GE says they have a line specifically designed to get along with dimmers (GE's "Frequently Asked Questions - Compact Fluorescent (CFL)"). But I don't know how much the blasted things cost, since I haven't found any where I live yet.

Tibore said...

"Amerika"? Christ, man, that is so 1990's. You want to come up with a current insult?

Dan said...

A question that I don't think I've seen the answer to anywhere...where the heck does mercury even COME from? I mean, is there a mercury mine somewhere or something?

Seems like it would come somewhere from the environment. If it goes back to the environment, isn't that okay, as long as it isn't trapped somehow in our water supply/food chain?

babbleboy said...

IKEA takes them. Of course, driving to IKEA may use a lot of energy (unless you were going there anyway - swedish meatballs - mmmm). I have never had one of these burn out yet. The oldest one was installed during Clinton's second term.

Harold said...

CFL's don't last nearly as long as advertised. Especially the twisty ones. However, the light from the daylight ones is quite good. They're everywhere in my house.

But not for long. I have one 50W equivalent LED bulb from ebay (About $26.), with another one on the way. AS soon as I finish using them in all the places where I can use that lighting level, I'll start with the 100W LED equivalent. They're currently $96. each. As time goes on, the price will drop.

The early CFL's with magnetic ballasts were really horrible. It's been several years since they were last made. If they were your last experience with CFL's, try a newer on. Or just skip straight to LED's.

Dust Bunny Queen said...

A question that I don't think I've seen the answer to anywhere...where the heck does mercury even COME from? I mean, is there a mercury mine somewhere or something?


Almaden, California is one mine. We used to go there in elementry school for field trips to play with the mercury. It was very cool. Put it in your hand and smoosh it around. My brother loved it because he was into comics and super heros at the time. Mercury Man!! No one thought it dangerous and we all lived.

Michael McNeil said...

Ann wrote:
I played with mercury when I was a child too. The dentist gave it to me in a little paper cup. It was a lot of fun! Liquid, but not wet. You could pour it out and it would shatter into hundreds of tiny silver balls, which you'd scoop together into a shiny pool that you could push around.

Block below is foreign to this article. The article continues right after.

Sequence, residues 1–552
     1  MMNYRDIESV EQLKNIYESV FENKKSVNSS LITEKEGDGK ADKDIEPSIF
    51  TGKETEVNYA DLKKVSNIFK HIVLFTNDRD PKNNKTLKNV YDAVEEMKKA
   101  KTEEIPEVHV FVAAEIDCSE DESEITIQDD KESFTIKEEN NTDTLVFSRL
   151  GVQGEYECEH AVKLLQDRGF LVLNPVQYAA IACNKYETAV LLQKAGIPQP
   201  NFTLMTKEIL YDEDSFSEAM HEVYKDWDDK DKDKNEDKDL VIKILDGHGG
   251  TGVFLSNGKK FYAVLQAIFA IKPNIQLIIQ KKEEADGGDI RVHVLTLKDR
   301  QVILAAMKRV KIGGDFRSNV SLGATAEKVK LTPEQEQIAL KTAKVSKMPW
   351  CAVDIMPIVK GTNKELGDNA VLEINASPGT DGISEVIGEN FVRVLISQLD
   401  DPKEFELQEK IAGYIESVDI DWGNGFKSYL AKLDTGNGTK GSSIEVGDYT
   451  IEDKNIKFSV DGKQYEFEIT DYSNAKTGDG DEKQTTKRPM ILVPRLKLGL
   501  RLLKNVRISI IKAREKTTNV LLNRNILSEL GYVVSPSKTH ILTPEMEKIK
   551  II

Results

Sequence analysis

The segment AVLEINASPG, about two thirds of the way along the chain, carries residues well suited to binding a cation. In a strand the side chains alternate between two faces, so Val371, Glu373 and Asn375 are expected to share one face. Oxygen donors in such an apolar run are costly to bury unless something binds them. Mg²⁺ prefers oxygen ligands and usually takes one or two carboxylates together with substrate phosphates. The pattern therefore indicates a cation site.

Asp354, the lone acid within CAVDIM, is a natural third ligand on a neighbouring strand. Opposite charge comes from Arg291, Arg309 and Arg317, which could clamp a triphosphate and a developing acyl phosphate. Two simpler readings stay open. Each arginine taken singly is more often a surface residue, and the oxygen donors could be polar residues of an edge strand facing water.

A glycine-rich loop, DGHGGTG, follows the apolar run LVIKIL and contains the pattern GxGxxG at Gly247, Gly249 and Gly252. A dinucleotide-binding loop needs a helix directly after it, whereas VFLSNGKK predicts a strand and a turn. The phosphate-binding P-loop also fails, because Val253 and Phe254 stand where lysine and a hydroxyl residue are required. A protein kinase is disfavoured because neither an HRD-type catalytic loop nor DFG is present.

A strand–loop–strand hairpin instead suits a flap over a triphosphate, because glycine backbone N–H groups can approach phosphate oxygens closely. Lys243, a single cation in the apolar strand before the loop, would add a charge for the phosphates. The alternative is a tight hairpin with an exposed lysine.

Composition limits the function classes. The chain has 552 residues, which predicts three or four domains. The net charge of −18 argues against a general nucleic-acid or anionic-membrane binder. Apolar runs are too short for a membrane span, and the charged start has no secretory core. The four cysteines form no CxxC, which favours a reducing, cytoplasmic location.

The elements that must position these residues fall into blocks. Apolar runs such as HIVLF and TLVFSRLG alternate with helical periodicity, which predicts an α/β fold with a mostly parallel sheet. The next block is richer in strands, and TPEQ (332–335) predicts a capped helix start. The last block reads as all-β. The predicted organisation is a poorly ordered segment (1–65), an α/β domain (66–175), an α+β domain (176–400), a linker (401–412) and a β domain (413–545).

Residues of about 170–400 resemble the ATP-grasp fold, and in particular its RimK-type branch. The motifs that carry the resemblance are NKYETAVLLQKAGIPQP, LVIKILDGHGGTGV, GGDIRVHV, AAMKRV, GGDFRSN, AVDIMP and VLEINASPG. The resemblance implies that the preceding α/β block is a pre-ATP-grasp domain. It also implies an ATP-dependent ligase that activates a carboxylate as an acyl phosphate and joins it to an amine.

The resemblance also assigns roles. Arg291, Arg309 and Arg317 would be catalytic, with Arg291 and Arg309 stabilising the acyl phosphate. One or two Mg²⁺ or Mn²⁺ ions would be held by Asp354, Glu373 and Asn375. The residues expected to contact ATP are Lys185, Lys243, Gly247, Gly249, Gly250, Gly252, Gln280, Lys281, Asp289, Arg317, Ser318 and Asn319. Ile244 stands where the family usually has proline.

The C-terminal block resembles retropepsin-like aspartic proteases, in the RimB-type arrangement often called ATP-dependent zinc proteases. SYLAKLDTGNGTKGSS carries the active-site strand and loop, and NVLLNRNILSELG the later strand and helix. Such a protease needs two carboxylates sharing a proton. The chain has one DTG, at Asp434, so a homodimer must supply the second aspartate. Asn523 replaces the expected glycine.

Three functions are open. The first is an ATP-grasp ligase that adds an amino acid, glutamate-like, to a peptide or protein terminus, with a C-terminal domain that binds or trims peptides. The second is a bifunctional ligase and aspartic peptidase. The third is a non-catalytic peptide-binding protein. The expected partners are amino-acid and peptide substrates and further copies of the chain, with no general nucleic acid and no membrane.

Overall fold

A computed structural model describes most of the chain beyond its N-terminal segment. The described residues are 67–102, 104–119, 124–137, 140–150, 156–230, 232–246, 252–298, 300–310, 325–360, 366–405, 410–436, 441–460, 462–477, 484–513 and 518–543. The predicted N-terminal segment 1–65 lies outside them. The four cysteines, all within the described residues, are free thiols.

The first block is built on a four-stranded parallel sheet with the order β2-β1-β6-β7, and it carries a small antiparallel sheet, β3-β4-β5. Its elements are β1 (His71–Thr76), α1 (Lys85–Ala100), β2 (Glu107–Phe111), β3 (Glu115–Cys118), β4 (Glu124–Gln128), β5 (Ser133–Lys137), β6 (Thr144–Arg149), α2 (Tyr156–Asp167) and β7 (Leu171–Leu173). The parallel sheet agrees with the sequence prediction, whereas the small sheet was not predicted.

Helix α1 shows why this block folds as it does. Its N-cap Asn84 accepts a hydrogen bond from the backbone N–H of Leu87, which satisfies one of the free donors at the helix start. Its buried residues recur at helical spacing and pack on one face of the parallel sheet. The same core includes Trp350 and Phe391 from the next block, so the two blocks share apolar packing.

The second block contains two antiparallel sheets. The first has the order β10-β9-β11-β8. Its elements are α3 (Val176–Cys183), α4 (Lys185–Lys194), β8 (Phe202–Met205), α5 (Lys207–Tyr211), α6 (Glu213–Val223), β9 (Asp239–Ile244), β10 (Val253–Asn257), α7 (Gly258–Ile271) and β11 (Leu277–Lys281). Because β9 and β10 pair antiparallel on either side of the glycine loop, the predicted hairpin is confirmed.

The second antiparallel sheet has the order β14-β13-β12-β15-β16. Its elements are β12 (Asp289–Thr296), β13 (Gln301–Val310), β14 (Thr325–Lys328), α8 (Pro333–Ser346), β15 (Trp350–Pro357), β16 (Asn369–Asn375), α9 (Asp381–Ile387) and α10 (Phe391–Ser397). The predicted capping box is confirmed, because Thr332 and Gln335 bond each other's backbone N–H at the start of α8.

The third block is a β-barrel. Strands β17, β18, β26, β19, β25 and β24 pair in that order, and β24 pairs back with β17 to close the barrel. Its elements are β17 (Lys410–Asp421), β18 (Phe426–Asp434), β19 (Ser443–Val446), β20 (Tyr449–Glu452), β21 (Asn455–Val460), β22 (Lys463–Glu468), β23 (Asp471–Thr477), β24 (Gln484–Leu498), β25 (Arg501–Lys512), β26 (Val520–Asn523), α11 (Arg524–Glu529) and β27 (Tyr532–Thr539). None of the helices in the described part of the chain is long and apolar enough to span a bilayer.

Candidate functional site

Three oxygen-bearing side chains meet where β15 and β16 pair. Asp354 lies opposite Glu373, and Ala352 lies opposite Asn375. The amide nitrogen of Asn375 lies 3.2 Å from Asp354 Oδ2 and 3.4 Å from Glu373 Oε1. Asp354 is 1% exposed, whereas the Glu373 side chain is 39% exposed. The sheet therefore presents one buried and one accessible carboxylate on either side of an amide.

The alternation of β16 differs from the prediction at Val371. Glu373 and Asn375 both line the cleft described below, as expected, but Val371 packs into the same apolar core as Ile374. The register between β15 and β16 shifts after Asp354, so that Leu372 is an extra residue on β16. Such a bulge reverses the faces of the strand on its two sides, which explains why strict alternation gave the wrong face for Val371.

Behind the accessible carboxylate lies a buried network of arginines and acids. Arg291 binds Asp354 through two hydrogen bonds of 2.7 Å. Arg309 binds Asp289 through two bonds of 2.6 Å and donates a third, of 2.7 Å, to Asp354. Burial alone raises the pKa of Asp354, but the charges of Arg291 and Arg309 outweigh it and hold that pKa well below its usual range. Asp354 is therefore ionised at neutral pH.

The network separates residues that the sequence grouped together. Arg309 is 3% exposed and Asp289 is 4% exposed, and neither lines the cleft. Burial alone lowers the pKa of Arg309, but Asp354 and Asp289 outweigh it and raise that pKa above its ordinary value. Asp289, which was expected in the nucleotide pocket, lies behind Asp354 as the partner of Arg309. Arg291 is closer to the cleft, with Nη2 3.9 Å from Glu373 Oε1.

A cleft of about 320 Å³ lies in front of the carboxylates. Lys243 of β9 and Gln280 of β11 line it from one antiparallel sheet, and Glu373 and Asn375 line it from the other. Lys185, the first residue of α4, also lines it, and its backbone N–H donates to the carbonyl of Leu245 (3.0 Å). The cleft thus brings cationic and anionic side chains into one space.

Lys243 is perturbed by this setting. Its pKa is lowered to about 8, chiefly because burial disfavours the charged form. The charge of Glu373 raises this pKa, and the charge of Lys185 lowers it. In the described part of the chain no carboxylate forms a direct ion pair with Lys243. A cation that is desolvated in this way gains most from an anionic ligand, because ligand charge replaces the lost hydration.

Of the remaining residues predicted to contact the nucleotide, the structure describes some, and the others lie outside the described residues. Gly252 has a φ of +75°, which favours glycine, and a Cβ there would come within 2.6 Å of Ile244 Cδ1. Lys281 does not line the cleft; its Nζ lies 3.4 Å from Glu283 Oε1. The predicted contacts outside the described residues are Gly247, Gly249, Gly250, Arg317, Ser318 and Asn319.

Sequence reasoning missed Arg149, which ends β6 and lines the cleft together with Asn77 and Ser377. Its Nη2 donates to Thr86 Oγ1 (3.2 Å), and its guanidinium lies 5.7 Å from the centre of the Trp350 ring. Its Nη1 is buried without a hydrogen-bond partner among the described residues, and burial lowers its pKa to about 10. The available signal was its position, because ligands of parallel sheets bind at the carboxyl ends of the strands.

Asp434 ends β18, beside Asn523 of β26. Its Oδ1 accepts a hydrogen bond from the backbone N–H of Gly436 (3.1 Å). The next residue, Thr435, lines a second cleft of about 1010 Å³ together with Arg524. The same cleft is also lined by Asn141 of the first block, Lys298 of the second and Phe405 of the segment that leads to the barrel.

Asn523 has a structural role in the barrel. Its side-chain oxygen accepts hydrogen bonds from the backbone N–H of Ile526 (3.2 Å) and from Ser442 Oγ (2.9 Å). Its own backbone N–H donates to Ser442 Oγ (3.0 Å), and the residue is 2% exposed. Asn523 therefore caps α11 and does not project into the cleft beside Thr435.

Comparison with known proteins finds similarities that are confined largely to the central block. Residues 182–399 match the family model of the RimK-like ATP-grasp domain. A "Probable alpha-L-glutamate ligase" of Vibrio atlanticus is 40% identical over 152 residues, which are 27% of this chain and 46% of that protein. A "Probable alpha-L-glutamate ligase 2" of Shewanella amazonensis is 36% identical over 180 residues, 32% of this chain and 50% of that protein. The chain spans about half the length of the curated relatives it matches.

I was pretty blase about it myself, both then and later — until I read this on a mailing list, from a fellow whose veracity and opinions I generally respect:

“I clearly remember how sick I got the day I put a ‘silver penny’ my brother made into my pocket and took it to school. I was about 9 or 10. Once there, I pulled it out to show my friends, and alas the silver was gone. Within a few hours I was really sick, with the shakes and cold sweats and all sorts of bizarre sensations. It lasted a few days, and the bluish spot on my thigh, where the metal had leached into my skin, lasted many months.

“I've often wondered if that episode had any bearing on my autoimmune and hearing issues, which worsened with time. I did have (and still have) a mouth full of amalgam. My autoimmune and hearing problems predated that incident, though. But it could very well be that they were exacerbated by the more acute exposures like that. Interestingly, I finally lost my hearing (woke up, stuck my hearing aid in my ear, whoops: nobody home) the day after my last amalgam filling. Haven't had one since and must admit to being rather phobic about dentists...”

That's a mere anecdote, while as the guy says, many of his problems were preexisting. However, the capability of the mercury to just sink into his skin, as he reports, and then the immediate sickness, are eye opening, I think. All of which would appear to make it not at all a good idea to let your kids play with it, at least not without some considerable control over the situation.

There's no doubt, though, that metallic mercury is much safer than mercury which has been incorporated into organic molecules. There was a tragic case about a dozen years back where a lab worker inadvertently spilled a tiny droplet of an organic mercury compound onto her latex glove (ignoring it, thinking the glove would protect her) — but within half a year she was in a coma, and months after, dead.

Paul Zrimsek said...

where the heck does mercury even COME from?

They drill for it like oil. Any science-fiction fan can tell you all about the famous Hg Wells.

Michael McNeil said...

Dan wrote:
A question that I don't think I've seen the answer to anywhere...where the heck does mercury even COME from? I mean, is there a mercury mine somewhere or something?

Here's a picture of the principal mercury ore: cinnabar (mercuric sulfide: HgS), from Nevada. The silvery glistening on it is actual tiny droplets of metallic mercury adhering to the ore. Take ground-up cinnabar, heat it with blasts of hot air to temperatures of about 300° C (570 F.), the sulfur combines with oxygen producing sulfur dioxide, thereupon one can condense the resulting metallic mercury vapor — and voila!

Michael McNeil said...

Paul: LOL!

pettyfog said...